DOORBELL: A favourite child’s toy contains (has) an anagram (nobbled) of EBOR


1d    Climbing large tree? Pack good old anorak (6)

KAGOOL: Reversal (climbing) of the abbreviation for large and a 3-letter tree to contain (pack) the abbreviations for good and old. One of several acceptable spellings

2d     Trustworthy sort not entirely following rugby’s code of conduct? (6)

RUBRIC: A 5-letter word for a ‘trustworthy sort’ without the last letter (not entirely) comes after (following) an abbreviation for rugby

3d    “With this ring … as long as we both …”? (3,6,2,4)

THE CIRCLE OF LIFE: The answer is a philosophical ring where the end is also a beginning etc. Wedding vows include the phrase ‘until death us do part’, i.e., as long as we both stay alive

4d/18a        Grounds for drilling sandbank shelf – 9 & 25? (7,7)

BARRACK SQUARES: A 3-letter sandbank, a 4-letter shelf, and numbers like 9 & 25

5d     Undoubtedly this examinee’s at a loss!

WITHOUT QUESTION: This situation would make it hard for the examinee to provide an answer!

6d    Italian passing over 0-0 is 1-0 up – ace! (8)

PIZZERIA: A 4-letter word for nought minus the letter O (“-0”) has passing over it a reversal (up) of the Roman numeral for 1 plus a 3-letter word for nought. Then, finally, the card abbreviation for ace.

7d    Barrier protecting my city (8)

FLORENCE: A 5-letter barrier goes around (protecting) an interjection meaning “my!”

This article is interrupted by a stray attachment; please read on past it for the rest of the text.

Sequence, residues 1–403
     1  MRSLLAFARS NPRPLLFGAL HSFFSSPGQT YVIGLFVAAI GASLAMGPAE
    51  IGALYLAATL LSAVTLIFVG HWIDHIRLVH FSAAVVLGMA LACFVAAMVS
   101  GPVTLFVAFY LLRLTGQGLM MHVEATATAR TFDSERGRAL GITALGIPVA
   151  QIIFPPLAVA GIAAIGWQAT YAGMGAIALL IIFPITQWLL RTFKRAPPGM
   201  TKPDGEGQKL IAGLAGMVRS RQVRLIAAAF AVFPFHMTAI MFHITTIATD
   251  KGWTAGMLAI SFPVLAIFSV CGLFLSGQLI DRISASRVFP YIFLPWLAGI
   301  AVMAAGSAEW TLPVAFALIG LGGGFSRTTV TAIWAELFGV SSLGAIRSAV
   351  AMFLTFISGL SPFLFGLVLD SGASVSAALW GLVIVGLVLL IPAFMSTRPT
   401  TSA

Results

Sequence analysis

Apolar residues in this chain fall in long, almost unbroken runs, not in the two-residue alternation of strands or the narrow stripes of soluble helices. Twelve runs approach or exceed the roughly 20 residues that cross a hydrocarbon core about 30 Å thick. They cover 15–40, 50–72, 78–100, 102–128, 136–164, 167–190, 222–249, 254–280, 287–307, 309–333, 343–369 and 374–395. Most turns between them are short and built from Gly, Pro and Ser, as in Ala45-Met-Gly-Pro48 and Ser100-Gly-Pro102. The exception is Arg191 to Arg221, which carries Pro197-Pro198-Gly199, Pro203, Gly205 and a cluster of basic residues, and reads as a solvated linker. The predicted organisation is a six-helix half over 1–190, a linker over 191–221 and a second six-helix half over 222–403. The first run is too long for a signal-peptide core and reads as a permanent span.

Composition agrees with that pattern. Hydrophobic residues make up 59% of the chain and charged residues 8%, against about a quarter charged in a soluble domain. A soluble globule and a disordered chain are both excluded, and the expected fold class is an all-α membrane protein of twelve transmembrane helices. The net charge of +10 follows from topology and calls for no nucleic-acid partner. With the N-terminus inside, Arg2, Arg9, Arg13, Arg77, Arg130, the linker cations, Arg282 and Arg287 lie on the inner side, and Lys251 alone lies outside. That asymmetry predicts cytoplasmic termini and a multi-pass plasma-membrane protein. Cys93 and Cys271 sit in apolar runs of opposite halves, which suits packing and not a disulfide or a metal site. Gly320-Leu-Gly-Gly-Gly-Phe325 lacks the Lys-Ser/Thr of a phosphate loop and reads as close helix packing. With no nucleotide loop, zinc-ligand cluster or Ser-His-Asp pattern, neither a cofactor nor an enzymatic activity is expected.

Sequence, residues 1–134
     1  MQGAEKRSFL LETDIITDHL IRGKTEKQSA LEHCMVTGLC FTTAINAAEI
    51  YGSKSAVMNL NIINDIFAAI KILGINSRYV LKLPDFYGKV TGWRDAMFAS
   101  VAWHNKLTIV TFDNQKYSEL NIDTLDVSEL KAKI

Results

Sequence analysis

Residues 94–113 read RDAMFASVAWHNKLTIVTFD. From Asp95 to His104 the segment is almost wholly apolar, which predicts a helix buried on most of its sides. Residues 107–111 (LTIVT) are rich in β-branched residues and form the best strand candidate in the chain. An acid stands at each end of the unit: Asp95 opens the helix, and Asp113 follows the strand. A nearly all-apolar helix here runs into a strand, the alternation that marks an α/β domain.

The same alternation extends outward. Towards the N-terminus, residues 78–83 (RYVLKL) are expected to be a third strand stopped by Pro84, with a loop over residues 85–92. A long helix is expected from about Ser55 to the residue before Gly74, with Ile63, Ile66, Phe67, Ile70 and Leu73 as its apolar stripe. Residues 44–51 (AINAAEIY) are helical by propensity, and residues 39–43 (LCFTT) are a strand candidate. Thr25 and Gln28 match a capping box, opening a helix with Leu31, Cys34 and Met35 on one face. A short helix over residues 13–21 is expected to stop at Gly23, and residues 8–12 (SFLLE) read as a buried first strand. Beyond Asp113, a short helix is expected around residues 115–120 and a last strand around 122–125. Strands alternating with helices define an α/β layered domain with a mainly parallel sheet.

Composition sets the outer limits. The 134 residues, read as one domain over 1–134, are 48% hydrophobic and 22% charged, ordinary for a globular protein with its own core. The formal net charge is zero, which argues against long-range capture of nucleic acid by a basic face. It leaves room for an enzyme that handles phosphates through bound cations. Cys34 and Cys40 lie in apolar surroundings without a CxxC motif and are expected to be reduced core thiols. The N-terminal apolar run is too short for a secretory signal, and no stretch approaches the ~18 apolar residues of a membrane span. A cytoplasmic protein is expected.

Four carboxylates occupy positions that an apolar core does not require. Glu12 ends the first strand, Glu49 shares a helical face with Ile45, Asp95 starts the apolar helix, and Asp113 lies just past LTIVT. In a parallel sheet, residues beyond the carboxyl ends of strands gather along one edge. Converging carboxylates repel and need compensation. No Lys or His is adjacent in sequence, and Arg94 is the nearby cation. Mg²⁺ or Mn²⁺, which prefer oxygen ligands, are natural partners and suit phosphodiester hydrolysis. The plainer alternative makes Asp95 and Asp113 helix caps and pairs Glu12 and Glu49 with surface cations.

14d    I run through Devon base by base (3)

EXE: The base of natural logarithms, the symbol that means (multiplied) by, and the base of natural logarithms again.

16d    Singer of folk jazz organised a beano for Azed in the auditorium? (4,4)

JOAN BAEZ: JAZZ from the clue in which an anagram (organised) of A BEANO replaces a homophone (in the auditorium) of ‘Azed’

17d     Receive a thousand extra thanks for turning up at waterway (8)

KATTEGAT: A reversal (for turning up) of a 3-letter word for receive plus an abbreviation for a thousand outside (extra, as a preposition, see Chambers) a short word for thanks, plus AT from the clue. This waterway is by Denmark

19d Gentleman of the road reported bitter whisky (3)

RYE: Two definitions and a homophone (reported) of a 3-letter word meaning bitter or twisted. The first definition is a gypsy gentleman.

20d    See 15a

22d     Traditionally plated karahi gosht, perhaps, served fiery hot? (6)

FLAMBE: The meat denoted by gosht is contained in (plated) a chemical symbol (the material of a traditional karahi!)

23d    Regularly curse folly with a touch of explicit language (6)